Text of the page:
Wednesday, September 25, 2013

Book Banning from a Legal Perspective

Just how does a book get banned? Who decides what goes into library collections in the first place? What rights do libraries and readers have? Read on for facts about obscenity, book banning, and the First Amendment.


Selecting Books

When it comes to choosing books, librarians follow a series of self-established guidelines. Most libraries seem to have similar philosophies about collection materials, though the criteria may vary slightly from place to place. In general, libraries attempt to maintain a diverse collection of media that are free from bias and stereotype and intended to reflect the multiple facets of life around the world. Libraries generally accept recommendations from readers as well. They research recommended materials to determine whether acquiring the media in question would enrich the library’s collection.

Because they are public institutions, libraries are not permitted to discriminate. That means anyone can check out any materials they choose, regardless of age, sex, or race. Most libraries do request that guardians monitor the selections of minors, however.

Banning Books

Censorship of ideas is nothing new, but US laws dictating freedom of information are comparatively new on the scene. In 1982, the Supreme Court found in Board of Education, Island Trees School District v. Pico that school officials did not have the right to remove library material because they disagreed with the ideas it espoused. (School libraries continue to receive more requests to ban materials than public libraries.) To justify banishment from a school library, the material must be “pervasively vulgar.”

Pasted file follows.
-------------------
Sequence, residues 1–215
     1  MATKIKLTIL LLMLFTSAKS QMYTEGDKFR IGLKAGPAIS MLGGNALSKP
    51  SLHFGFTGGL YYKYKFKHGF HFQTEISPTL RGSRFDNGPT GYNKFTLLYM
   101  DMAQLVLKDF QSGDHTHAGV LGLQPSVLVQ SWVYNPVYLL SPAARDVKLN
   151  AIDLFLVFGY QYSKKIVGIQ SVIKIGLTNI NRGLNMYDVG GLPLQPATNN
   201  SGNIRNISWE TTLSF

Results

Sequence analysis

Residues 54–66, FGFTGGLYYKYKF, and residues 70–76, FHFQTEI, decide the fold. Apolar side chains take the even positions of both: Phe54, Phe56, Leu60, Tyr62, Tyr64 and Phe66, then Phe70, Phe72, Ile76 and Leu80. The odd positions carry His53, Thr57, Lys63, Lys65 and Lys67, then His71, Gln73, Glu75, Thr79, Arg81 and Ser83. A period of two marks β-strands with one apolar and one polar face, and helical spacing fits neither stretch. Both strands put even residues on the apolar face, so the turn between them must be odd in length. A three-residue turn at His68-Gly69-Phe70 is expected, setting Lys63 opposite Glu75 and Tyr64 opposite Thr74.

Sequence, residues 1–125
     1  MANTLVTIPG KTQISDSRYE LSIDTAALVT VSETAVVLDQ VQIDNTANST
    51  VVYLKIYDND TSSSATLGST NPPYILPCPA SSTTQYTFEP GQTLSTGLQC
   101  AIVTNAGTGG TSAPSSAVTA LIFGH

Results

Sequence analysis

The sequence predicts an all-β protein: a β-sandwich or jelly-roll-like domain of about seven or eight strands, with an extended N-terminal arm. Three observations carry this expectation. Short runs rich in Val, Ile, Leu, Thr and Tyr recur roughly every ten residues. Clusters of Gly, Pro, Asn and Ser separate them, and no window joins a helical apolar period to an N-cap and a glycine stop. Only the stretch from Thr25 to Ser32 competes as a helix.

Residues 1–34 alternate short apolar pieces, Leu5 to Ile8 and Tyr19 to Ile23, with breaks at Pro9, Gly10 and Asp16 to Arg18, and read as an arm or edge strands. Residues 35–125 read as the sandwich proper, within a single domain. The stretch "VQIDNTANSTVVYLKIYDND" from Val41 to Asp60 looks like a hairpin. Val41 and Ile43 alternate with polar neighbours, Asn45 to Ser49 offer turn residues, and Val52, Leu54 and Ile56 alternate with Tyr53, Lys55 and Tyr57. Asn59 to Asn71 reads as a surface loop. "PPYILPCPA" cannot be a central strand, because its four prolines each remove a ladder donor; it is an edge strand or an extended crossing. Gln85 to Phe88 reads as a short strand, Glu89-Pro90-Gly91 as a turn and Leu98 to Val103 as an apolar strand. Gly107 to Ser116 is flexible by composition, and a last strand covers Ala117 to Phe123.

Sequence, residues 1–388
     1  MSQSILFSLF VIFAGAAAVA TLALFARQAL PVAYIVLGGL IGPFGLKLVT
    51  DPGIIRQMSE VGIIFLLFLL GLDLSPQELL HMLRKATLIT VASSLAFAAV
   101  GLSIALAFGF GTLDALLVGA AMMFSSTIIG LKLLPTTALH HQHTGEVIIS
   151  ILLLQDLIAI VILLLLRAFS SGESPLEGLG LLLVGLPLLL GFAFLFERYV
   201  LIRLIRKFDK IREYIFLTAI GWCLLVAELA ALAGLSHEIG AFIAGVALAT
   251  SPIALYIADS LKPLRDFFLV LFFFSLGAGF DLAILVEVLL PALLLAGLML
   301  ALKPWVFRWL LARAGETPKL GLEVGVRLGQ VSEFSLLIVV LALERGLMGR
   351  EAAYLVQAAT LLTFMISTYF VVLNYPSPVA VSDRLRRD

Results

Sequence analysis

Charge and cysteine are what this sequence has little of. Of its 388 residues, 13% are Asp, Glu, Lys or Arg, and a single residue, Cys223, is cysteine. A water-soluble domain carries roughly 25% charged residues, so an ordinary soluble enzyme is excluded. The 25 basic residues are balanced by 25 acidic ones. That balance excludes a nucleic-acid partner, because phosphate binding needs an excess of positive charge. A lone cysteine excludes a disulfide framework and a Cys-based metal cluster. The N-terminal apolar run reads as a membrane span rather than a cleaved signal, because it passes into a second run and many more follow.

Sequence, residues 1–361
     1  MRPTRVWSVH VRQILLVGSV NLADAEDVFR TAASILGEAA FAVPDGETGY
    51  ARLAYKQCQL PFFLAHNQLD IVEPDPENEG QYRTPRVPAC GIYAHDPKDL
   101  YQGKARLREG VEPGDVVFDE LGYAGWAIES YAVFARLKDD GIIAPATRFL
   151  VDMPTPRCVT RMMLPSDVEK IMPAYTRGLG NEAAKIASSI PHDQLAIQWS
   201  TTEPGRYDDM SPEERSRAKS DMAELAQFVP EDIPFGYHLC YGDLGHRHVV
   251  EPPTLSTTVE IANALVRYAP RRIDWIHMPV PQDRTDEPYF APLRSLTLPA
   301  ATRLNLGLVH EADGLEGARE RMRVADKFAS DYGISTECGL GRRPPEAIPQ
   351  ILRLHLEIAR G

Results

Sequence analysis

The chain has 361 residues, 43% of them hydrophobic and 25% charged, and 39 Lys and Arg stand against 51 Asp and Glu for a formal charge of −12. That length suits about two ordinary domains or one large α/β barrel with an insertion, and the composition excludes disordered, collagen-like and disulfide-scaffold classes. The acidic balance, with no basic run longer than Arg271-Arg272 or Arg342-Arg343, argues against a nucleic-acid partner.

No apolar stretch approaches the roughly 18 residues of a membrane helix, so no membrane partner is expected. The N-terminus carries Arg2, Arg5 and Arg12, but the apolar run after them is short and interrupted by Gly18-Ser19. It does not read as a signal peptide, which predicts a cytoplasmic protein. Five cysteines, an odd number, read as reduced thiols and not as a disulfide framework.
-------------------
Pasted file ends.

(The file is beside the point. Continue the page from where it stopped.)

US libraries receive hundreds of requests each year to remove books from their shelves. Patrons most commonly challenge books on the grounds that they contain sexually explicit content, offensive language, and/or inappropriate subjects for minors. Public libraries regard themselves as open forums for ideas and so are generally loathe to censor their offerings. Just as challenging a book is the right of any citizen, it is the right of each individual library to decide whether to comply with these requests. On the occasions that such cases have been decided by courts, judges generally rule in favor of the library because of the freedoms guaranteed by the First Amendment.

Freedom of expression aside, libraries must not maintain materials that are unquestionably obscene. But just what defines obscenity? The US Supreme Court decision in Miller v. California in 1973 established that materials must “appeal to prurient interests when taken as a whole; involve patently offensive sexual conducts; and contain no literary, artistic, political, or scientific value” to be deemed obscene. Of course, even this three-point test is subjective, and in the case of banned books the burden of proof lies with the protesting party, not the library, to demonstrate that the material is inappropriate.

For more information, please visit the American Library Association.

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